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What the heck is Black Pudding?
The idea of Bed and Breakfast is that your cot comes with a "full Irish breakfast." Our first was at the Lady Gregory Hotel in Gort: eggs, bacon that I'd call ham, link sausage, fried tomatoes, white toast, brown bread, and black and white pudding. I just knew that the "pudding" had to be something gross, but I was determined to go native. It was tasty. I cleaned my plate.
Next day I asked Carmel what black pudding was. "Did you like it?" she asked. "Yes," I said. She may have just laughed, but the message was clear: "Then don't ask."
It took us till we got to Maureen's before I got a chance to ask again.
"Do you really want to know?"
"Yes," I said.
She explained from her farm girl perspective.
Once a year, she told us, the families in Ballaghduff joined together to kill a pig, which provided their meat for the year. "It was horrible," she said. "I had to run and hide. Pigs are such smart animals." She shivered with the memory.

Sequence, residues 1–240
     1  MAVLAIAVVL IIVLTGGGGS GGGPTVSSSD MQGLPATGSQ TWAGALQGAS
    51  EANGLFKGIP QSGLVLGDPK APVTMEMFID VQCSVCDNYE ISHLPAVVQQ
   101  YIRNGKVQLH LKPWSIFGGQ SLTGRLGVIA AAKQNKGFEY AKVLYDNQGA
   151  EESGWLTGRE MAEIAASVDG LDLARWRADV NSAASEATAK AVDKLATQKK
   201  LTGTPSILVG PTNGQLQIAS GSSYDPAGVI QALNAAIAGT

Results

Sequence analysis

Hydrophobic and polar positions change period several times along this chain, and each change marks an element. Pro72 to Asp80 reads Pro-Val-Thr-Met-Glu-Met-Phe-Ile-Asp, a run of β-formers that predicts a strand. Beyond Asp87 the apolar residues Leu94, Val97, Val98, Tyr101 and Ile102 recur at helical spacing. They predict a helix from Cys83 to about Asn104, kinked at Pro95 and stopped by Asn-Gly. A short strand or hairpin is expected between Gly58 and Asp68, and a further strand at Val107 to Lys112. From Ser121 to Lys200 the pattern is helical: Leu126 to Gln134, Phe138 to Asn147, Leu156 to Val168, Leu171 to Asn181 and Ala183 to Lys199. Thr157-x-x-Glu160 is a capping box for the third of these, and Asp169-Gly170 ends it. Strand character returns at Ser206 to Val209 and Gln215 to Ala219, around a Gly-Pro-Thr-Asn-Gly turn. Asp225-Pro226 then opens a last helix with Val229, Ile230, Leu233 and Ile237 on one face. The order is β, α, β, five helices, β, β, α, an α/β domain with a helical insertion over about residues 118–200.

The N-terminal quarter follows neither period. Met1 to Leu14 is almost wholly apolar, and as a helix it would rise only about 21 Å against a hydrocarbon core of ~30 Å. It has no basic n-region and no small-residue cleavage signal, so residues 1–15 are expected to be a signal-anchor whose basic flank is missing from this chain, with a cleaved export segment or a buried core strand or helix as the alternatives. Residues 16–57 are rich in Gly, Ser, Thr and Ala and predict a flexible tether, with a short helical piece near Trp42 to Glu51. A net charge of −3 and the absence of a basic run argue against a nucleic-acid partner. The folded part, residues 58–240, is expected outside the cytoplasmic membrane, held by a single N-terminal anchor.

Anyway, nothing about the pig was wasted. The blood was drained into cleaned lengths of small intestine [mixed somewhere along the line with oatmeal and whatever] and boiled. Voilá. Black pudding. Slice. Fry.
Sure it's gross. But in the world of meat, what isn't? The oatmeal cookie texture is better than the gristle in some sausages.
I'm not much of a meat-eater in any circumstance, but millions of Irish died because their diet depended on potatoes alone. One pig a year among 10 or 15 families, every part used, is a responsible way to exercise prosperity. It reminds me of our own wasteful society as I limit my meat choices to tenderloins and poultry breasts.
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